The first of the three games written by Tony Oakden and published by Superior Software, this is a graphical adventure in which you, Walter Cobra, adventurer extraordinaire are drawn into a mysterious and magical world, which incidentally you discover by jumping down a wishing well, which it said to do on a map which you found. The object you seek is 'The Golden Dragon'. Having jumped down the well, you remember one vital thing you forgot - the map. Oh well, as most good adventurers do anyway, you have to stumble along and find the Gold Dragon without the help of said cartographical aid.
The game comprises over 90 graphically different scenes, with many puzzles, and lots of blasting to be done to complete the game. There is quite a lot to be done in this game, apart from finding the Golden Dragon you also have to get the 12 power crystals and also destroy 3 reactors.no mean feat indeed! This is a feature packed game, and the best feature being that you have a jet pack which you can use to propel you through some of the screen, however they only work on screens with a special triangular mark, and a technique must be developed of cruising through screens which you cannot use the jet packs in, by firing the pack on a screen which you can. There are many different enemies which you encounter, each having a different level of toughness, and requiring more shots to kill. It is quite hard at first, but once you learn that shooting is not the best option, then it becomes easier to traverse the levels. You start the game with a certain amount of energy which must be replenished, and also you have to fight against time. The puzzles in this game are hard, and there are lots of them, it helps to make a map!
The graphics of this game are nice high-res ones, with lots of nice colours, and fluid action. You can't really fault the graphics and they are perfectly done for the type of game really. The sound is to put it mildly, weak, with only a few sound effects and absolutely no music, which would have really added to the atmosphere! In general, gameplay is spot on, but perhaps there is too much needless shooting, as there are already enough objectives without having to kill and dodge things as well!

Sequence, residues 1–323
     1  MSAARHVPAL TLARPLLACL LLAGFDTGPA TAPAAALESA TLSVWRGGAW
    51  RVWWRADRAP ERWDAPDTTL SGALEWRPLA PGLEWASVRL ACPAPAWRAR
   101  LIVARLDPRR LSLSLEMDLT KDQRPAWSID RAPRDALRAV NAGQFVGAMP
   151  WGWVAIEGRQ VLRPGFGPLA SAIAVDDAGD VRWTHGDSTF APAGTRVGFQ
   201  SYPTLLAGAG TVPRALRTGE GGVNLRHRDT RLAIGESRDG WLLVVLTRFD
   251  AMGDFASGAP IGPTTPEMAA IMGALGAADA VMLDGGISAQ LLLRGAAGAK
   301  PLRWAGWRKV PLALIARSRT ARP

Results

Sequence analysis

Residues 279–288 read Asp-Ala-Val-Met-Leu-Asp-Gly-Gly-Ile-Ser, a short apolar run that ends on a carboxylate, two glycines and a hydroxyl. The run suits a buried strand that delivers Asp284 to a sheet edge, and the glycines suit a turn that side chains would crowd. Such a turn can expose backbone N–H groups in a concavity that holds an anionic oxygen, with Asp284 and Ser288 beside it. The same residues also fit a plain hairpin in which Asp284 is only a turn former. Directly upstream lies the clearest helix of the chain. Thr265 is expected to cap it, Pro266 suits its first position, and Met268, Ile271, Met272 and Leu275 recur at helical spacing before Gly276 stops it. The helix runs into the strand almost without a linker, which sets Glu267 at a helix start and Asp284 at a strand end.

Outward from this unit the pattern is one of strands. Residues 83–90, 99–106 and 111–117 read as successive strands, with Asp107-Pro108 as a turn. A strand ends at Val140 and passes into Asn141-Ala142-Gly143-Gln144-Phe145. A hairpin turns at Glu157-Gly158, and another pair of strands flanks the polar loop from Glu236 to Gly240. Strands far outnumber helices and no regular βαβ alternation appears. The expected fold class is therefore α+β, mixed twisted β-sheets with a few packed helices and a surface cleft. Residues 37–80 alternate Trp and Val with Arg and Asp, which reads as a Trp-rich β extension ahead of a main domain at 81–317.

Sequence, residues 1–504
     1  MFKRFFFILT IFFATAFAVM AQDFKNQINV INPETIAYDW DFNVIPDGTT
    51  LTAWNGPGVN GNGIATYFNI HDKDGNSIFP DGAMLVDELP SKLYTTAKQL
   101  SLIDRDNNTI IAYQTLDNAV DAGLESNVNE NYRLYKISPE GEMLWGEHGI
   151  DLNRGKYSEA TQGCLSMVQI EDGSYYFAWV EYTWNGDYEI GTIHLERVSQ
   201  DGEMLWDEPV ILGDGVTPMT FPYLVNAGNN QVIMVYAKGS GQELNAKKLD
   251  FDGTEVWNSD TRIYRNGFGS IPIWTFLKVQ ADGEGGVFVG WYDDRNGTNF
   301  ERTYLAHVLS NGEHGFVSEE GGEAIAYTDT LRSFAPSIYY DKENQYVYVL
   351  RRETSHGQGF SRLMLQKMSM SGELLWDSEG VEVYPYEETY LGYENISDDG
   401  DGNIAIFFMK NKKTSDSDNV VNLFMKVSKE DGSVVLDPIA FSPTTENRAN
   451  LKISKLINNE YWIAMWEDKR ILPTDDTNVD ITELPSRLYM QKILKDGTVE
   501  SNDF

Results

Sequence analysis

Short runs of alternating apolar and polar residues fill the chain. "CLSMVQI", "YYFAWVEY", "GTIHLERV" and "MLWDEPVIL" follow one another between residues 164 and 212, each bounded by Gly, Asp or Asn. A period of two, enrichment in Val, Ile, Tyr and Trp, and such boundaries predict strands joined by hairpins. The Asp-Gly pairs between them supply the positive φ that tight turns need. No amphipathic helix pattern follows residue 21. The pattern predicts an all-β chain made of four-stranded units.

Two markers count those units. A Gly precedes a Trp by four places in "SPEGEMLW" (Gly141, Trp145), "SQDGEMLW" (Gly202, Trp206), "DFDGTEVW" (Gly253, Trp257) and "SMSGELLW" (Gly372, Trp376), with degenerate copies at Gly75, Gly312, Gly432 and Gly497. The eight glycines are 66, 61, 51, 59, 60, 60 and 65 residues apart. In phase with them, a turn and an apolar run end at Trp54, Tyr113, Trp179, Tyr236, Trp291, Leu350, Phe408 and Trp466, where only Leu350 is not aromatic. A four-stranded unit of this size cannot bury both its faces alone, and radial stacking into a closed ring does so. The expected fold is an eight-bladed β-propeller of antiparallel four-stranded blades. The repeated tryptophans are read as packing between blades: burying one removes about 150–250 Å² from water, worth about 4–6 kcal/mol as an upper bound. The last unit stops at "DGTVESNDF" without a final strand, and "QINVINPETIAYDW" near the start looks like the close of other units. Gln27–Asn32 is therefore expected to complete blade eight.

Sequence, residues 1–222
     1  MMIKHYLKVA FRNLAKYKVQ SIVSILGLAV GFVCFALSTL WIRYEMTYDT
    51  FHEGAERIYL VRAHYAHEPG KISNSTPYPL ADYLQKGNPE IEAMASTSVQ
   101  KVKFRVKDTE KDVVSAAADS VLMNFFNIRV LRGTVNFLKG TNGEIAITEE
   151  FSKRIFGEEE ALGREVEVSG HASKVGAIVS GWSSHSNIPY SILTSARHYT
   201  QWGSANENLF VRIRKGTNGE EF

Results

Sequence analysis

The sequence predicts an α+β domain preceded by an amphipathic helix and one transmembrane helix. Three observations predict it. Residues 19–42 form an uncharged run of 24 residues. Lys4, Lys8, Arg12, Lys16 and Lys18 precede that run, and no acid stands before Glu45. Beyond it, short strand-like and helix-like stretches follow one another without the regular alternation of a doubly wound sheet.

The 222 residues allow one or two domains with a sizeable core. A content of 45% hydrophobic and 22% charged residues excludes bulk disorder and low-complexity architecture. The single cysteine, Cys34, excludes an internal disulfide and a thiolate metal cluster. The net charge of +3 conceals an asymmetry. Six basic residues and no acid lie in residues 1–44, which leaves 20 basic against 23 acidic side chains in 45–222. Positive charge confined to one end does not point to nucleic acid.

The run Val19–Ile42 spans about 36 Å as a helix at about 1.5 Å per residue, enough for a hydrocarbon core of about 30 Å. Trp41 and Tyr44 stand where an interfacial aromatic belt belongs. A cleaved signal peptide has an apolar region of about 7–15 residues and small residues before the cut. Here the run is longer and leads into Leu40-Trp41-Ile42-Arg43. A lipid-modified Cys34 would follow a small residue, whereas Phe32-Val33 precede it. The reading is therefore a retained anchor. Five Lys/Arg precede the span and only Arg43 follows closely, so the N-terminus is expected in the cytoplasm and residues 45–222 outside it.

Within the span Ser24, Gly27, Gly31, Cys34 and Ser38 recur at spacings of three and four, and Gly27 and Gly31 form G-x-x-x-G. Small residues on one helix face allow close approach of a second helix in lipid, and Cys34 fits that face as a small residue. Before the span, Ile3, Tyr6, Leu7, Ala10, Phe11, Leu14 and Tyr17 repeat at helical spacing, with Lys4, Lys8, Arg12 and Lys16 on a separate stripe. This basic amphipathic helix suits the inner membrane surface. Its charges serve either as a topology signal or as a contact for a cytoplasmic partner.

This game is originally by Tynesoft, but republished with their permission on the disk, it is typical of the type of games which Tynesoft produced, i.e. it is a sports game. You compete against up to 3 opponents, and the winner being the one who has the most gold medals from the events before (or if two players have the same amount of golds, then it is the one with the most silvers). If you have no friends, then the Beeb will help you out by playing the part of them.
The game has six events, the Bob Sled, Speed Skating, Ski Jump, Giant Slalom, Ski Slalom and the Biathlon. Rather than choose all skiing or all off-piste events as most programmers choose when they make games like this, Tynesoft have gone for a rather nice combination of events, not one actually has similar gameplay to the others. As is a feature of most athletics games, this one features the fabled finger-tapping! If you don't know, this is where you have to rapidly press two keys in rhythm, one after the other, it definitely brings a whole new feeling of realism - by the end of a lap of speed skating, your fingers feel as if they've been speed skating in real life! This is more fun than it sounds, especially if playing with friends, you need endurance! The six events are nicely different, some requiring finger-tapping, but most not. The biathlon is my favourite event on the disk, you have to use finger-tapping to ski, and then at regular intervals you need quick reactions to hit the targets on the shooting range. The best feature of this is that when you reload your gun, instead of using a computer generated sound effect, the tape relay clicks on and off, which sounds quite realistic, well better than a computer sound effect anyway! Probably the worst event is the Ski Slalom, as the posts just come at you from nowhere, with hardly any indication of where the next one will be!
The graphics are quite nice on this game, they are low-resolution high colour modes though, and this creates some nice graphical effects. There are a lot of nice still pictures on this game though, and a lot of animation is not really required. It all moves around nicely and is very fun to watch. Another good thing is the sound, at the end of each event you get the nice ski-Sunday tune, which is actually done quite well! The game is difficult to play, and although I won one gold on my first go, it was more by luck than judgement, and I did absolutely crap in all the other events! Good fun for one, better for two or more.